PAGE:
Bernard Matthews risking Suffolk workers and public’s health with sick pay and bus fare ‘penny pinching’
‘Inadequate’ sick pay and worker bus fare rises at the coronavirus-hit Bernard Matthews’ turkey processing factory in Suffolk increase the risk of further COVID-19 transmissions.
The company, which was taken over by the owner of poultry giant 2 Sisters, Ranjit Boparan, in 2016, has informed Unite that minimum wage workers at the Holton plant who need to self-isolate will only receive statutory sick pay (SSP) of £95.85 a week.
Bernard Matthews has also stated that the outbreak may be linked to workers car sharing. In response, Unite said that since August the company had ‘actively encouraged’ car sharing by nearly doubling the fares of its company-run buses to the site from £3.50 to £6 a day.
The union said that ‘Bernard Matthews is part of Ranjit Boparan’s billion-pound business empire, but its penny pinching is putting the health of its workers and the public at risk’.
Unite has consistently warned Mr Boparan’s 2 Sisters, which has suffered a number of outbreaks at sites across the country, and other food manufacturers, that only paying SSP leaves low paid staff facing the ‘stark choice of working while potentially infected or being unable to pay for food, rent or other bills’.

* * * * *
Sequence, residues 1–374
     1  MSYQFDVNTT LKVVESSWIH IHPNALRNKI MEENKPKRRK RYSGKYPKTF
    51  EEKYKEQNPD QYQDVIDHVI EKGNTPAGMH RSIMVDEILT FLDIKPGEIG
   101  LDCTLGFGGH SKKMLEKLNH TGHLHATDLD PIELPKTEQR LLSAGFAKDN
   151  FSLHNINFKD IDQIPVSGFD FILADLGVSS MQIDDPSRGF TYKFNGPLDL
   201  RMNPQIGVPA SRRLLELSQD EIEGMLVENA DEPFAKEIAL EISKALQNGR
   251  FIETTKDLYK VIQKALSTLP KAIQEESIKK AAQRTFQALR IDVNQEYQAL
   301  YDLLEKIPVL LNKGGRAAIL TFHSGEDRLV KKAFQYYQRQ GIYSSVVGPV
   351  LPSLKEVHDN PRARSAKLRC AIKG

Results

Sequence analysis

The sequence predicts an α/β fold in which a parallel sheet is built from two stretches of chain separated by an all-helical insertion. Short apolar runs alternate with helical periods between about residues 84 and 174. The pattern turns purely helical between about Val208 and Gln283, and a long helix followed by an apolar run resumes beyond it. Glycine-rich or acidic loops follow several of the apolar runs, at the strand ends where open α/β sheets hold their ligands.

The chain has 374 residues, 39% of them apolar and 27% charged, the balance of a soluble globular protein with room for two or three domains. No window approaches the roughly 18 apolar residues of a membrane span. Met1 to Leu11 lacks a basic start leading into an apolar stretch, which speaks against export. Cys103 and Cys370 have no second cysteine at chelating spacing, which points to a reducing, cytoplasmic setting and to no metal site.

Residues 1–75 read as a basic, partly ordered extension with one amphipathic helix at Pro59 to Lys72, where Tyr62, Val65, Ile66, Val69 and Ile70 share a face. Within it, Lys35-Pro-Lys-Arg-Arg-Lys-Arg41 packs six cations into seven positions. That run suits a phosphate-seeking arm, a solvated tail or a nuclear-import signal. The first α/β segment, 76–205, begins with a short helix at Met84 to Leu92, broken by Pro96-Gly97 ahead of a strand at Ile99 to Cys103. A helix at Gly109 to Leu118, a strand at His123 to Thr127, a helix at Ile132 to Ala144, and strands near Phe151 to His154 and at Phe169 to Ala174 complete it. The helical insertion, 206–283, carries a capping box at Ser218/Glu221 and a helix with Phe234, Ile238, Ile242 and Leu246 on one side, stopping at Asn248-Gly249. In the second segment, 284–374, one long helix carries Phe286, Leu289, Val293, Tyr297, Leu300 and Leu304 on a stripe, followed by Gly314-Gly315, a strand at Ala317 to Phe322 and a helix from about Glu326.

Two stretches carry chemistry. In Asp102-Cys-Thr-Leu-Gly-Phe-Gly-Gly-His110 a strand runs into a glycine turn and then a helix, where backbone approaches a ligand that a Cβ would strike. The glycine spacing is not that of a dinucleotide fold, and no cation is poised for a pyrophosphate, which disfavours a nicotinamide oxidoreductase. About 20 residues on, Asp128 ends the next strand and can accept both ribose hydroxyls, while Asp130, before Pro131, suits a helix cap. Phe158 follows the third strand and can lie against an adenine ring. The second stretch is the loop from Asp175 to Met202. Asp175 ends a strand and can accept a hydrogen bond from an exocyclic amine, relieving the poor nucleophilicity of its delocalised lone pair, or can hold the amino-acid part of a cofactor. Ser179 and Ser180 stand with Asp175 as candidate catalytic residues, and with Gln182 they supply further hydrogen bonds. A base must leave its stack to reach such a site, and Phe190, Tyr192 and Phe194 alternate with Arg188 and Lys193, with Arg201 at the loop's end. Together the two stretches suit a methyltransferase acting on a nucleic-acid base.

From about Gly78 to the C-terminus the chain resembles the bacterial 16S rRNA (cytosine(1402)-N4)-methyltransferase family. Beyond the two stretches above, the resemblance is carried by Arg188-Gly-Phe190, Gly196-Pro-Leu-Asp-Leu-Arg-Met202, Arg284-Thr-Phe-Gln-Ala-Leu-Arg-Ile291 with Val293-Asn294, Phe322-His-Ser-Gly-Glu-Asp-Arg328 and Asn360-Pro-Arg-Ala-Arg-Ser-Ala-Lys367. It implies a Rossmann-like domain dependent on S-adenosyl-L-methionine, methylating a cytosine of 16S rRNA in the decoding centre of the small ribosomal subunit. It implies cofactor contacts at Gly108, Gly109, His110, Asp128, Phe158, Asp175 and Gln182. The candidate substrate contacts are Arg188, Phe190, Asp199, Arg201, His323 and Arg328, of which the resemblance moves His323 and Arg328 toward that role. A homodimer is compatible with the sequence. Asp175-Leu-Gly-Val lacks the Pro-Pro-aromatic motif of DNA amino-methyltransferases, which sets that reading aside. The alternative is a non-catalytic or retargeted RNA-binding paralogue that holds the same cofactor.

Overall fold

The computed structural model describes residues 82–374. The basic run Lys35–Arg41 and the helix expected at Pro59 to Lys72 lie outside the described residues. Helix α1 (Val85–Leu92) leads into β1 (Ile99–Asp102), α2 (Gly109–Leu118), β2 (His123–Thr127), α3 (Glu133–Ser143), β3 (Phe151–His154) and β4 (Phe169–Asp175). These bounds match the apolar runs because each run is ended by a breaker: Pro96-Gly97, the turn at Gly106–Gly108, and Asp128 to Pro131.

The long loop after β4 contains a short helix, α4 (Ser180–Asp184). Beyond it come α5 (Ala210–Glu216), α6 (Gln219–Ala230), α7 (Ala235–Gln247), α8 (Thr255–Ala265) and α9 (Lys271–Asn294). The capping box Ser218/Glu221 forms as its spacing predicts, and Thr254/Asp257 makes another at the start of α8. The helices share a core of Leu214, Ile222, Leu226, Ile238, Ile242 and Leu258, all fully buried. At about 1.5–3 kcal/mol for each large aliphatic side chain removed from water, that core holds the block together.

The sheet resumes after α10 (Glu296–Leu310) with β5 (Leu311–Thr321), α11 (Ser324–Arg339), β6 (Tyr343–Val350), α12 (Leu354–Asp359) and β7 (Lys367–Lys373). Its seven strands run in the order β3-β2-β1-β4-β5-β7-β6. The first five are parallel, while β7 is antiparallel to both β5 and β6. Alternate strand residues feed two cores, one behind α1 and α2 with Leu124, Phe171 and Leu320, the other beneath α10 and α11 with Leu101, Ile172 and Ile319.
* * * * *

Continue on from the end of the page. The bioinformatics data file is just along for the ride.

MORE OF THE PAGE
1 October 2020
Unions demand colleges deliver on promise to increase staff pay
Colleges must deliver on their promise to increase staff pay now the government has provided further education an extra £400 million funding.
The Association of Colleges, which represents English colleges, had previously said any staff pay increase was contingent on increased government funding.
The unions said it was time for colleges to finally agree a significant pay rise for further education staff and bring contracted staff back in-house. The pay claim - submitted by UCU, UNISON, NEU, GMB and Unite - calls for:
- A significant move towards the full restoration of college pay levels to where they would be had college pay kept pace with inflation since 2009
- The Living Wage, calculated by the Living Wage Foundation, to be the minimum wage in the sector